New York Times Limits Free Content: Social Media Implications?
On March 18, 2011, the New York Times announced that the company is transitioning from a free content to paid-subscription model. The first wave of digital subscriptions began in Canada on the day of the announcement, and the second wave will take place on March 28 for the United States and international audiences. As of March 28, The Times will charge a fee for unlimited access, and according to the Times, the change will affect individuals who consume a significant amount of online content.
The following key changes will take place:
- NYTimes.com visitors can view 20 articles per month, free of charge. After a user views 20 articles, slide shows, or videos, NYTimes.com will ask them to become a subscriber.
- Smartphone and tablet apps will keep the Top News section available for free. Other sections require a digital subscription package.
- New York Times home delivery subscribers will receive free and unlimited access to NYTimes.com.
- The NYTimes.com homepage and section fronts will remain free for unlimited browsing.
The New York Times is a major leader in online journalism, influencing the social media circles of a variety of demographic groups. Understanding its role within social media, the New York Times has explicitly addressed potential issues of inhibited social media sharing:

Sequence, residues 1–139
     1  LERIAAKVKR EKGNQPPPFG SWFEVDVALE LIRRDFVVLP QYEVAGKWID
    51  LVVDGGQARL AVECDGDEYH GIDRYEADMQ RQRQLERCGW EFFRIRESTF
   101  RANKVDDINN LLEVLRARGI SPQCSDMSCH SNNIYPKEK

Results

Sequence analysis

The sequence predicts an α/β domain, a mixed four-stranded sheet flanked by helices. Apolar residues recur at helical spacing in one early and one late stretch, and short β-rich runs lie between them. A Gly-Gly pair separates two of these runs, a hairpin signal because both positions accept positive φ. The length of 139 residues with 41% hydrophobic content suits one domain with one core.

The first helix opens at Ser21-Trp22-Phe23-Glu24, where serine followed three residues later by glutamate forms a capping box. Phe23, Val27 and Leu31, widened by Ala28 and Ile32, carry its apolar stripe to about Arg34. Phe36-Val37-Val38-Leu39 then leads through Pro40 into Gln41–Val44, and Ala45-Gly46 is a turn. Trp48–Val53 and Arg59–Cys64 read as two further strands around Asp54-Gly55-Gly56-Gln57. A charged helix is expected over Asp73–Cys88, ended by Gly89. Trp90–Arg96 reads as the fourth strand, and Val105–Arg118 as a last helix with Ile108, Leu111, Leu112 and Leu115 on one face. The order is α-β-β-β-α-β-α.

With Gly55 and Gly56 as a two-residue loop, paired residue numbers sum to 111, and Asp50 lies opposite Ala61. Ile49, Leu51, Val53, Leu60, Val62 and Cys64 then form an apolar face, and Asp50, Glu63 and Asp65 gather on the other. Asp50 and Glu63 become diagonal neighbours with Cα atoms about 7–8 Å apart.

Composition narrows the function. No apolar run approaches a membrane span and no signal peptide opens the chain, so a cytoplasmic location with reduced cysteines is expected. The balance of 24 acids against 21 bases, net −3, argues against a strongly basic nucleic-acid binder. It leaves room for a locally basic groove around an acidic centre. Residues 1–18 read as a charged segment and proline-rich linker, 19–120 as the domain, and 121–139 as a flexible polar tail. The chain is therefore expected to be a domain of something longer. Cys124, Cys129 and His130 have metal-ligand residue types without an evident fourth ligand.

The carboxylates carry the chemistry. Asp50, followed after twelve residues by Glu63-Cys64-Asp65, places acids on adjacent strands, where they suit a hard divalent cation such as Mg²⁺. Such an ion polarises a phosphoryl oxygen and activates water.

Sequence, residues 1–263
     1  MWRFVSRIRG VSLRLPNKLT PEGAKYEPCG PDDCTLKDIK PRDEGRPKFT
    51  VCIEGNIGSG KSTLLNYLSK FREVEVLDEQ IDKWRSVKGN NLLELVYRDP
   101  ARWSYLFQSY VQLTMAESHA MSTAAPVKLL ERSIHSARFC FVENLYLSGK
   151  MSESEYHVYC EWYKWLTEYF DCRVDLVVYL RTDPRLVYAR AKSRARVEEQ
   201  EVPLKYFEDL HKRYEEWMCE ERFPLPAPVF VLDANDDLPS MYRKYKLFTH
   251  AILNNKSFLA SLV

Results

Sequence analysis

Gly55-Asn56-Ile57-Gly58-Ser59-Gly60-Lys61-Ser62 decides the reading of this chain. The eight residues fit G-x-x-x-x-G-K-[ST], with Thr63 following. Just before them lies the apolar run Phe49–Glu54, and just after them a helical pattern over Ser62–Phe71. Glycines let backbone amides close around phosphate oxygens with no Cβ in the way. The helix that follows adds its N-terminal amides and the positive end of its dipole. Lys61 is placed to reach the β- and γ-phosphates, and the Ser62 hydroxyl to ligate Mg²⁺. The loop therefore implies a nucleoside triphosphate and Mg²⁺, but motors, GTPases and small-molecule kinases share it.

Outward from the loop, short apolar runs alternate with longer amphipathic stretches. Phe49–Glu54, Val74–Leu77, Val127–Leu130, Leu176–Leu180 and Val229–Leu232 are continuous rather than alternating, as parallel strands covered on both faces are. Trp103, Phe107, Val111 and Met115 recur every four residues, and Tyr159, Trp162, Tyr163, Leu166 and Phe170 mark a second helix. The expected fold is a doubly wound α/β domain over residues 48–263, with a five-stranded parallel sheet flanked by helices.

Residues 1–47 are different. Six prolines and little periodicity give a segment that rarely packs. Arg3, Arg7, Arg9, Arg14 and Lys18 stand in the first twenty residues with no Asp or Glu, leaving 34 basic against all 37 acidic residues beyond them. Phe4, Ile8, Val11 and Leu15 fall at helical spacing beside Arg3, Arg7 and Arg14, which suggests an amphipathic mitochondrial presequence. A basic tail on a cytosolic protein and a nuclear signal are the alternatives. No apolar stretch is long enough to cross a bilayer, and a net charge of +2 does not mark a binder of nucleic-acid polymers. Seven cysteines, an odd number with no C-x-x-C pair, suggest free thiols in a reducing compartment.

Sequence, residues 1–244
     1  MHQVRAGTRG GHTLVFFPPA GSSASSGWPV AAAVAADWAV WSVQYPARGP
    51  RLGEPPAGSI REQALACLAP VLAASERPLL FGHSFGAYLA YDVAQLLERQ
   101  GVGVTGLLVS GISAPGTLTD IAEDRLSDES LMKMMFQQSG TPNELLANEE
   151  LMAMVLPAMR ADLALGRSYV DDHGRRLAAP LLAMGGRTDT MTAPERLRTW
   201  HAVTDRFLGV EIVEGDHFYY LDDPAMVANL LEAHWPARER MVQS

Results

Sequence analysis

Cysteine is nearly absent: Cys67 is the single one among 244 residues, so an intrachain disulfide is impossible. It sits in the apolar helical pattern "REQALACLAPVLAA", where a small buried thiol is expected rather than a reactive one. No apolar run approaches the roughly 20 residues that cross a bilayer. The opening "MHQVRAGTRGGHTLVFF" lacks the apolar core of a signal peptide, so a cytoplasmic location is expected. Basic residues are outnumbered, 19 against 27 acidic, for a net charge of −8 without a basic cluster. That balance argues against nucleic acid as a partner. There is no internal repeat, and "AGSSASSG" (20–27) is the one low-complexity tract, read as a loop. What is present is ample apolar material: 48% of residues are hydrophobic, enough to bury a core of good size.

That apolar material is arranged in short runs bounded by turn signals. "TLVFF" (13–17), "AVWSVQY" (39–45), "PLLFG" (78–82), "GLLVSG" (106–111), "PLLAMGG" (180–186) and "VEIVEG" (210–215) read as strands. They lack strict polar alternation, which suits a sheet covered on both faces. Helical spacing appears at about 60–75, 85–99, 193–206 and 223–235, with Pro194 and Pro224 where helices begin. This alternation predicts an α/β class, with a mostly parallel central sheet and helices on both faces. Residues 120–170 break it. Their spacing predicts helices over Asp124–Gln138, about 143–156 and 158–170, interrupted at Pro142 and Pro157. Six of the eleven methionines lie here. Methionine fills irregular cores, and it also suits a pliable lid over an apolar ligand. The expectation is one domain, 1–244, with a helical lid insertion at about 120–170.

"Readers who come to Times articles through links from search, blogs, and social media like Facebook and Twitter will be able to read those articles, even if they have reached their monthly reading limit. For some search engines, users will have a daily limit."
For the newspaper and journalism industry, balancing free content and monetization strategies is tough. While users gravitate towards free content, display advertising is not always a sustainable business model.
The New York Times is setting a precedent that redefines the newspaper's role in online communities. Will readers pay for the Times, or will they begin to gravitate towards free sources? Will the New York Times maintain its leadership within the social media sphere, or will users begin sharing content from other major and less-major news sources? Will other major journalism outlets follow in the NYTimes's footsteps? What about the New York Times blog?
The following are pricing plans for NYTimes.com: $15 per month for NYTimes.com and the smartphone app, $20 permonth for NYTimes.com and the tablet app, and $35 per month for all digital access.
Is the New York Times instigating the next phase of online journalism, or will it be excluding certain demographics from accessible content?